Problem in Thevenin calculation

Discussion in 'Homework Help' started by screen1988, May 1, 2013.

  1. screen1988

    Thread Starter Member

    Mar 7, 2013
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    3
    Hi,
    I have just watched the video: https://www.youtube.com/watch?v=0IIy4vRsvoE
    In this exercise, we need to find the Thevenin equivalent for the circuit with both dependent and independent sources bellow.
    [​IMG]
    [​IMG]
    I know the method to calculate it:
    1. Calculate the open circuit voltage Voc = Vth.
    2. Calculate the short current Isc.
    3. Rth = Voc(open circuit)/Isc(short circuit).
    Now what I don't understand is that calculating Isc.
    Why we can't cancel the dependent current source 50Ib as two terminals are shorted together?
     
  2. The Electrician

    AAC Fanatic!

    Oct 9, 2007
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    Because a current source still supplies its current into a short as well as an ordinary load.

    It's interesting that the author of that video has called the transistor amplifier pictured a "common emitter" amplifier, when it's plainly a "common collector" amplifier.
     
    screen1988 likes this.
  3. screen1988

    Thread Starter Member

    Mar 7, 2013
    310
    3
    Is this also applicable to independent current source?
    With all voltage sources both dependent and independent sources, they will have 0V cross them if two terminals are shorted.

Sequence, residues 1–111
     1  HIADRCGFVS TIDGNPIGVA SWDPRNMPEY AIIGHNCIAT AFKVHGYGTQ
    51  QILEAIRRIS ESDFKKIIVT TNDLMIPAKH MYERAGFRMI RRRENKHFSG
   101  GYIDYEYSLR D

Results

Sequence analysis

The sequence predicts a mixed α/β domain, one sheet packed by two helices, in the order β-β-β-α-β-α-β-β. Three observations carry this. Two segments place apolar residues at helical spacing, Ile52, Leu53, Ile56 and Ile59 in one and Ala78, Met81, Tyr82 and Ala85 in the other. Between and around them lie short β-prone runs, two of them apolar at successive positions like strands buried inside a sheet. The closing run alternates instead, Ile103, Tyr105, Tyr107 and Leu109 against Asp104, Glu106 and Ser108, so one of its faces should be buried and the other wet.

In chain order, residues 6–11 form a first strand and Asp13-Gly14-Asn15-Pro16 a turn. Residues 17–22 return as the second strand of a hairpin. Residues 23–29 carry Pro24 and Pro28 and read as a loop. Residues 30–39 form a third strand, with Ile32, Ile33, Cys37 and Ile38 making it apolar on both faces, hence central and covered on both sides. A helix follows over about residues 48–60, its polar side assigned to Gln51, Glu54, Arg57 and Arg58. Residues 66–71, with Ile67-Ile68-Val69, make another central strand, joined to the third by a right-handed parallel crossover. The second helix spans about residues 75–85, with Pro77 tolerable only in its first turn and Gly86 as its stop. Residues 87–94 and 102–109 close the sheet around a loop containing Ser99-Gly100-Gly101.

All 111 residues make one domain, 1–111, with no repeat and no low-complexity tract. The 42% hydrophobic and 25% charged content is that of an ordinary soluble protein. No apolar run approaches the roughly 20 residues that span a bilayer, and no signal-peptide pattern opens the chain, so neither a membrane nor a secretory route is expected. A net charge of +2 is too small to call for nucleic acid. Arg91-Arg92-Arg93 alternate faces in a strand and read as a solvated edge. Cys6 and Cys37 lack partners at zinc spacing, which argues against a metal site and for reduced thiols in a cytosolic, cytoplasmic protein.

I thought this is similar to current source but it seems wrong! With current source if its terminals are left open then I = 0 but it has no problem with terminals shorted.
     
  4. The Electrician

    AAC Fanatic!

    Oct 9, 2007
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    Whether the current source is dependent or independent makes no difference.

    One might ask what condition will render a particular kind of source ineffective?

    If you short a voltage source (an ideal source and ideal short), its voltage output will then be zero; it will then be supplying an infinite current through the short and the voltage will be zero; or will it? The question is, who wins the contest? The voltage source is supposed to always provide a voltage no matter what. But a short is supposed to have no voltage across it because it's zero ohms. These extreme cases with mathematically perfect things can pose a problem.

    If you open a current source (no load connected to it; a short is a load), its current output will then be zero; it will then be supplying an infinite voltage across itself and the current will be zero; or will it? The same problem as with the previous paragraph arises. An open circuited current source shouldn't be able to provide any current through an open circuit because that's what an open is; a circuit element that can carry no current. But the current source is supposed to provide a current no matter what. If the current source is open circuited, its output voltage rises to infinity attempting to force a current through the open circuit.

    These extreme cases have no ready solution.

    But, if you short circuit a current source or open circuit a voltage source, no problem.
     
    Last edited: May 1, 2013
    screen1988 likes this.
  5. screen1988

    Thread Starter Member

    Mar 7, 2013
    310
    3
    Interesting! Thanks!
    This is the first time, I know that the current source can't be left open. :)
    To be honest, I only was aware that it isn't a smart thing to short a voltage source but had no idea about current source.
     
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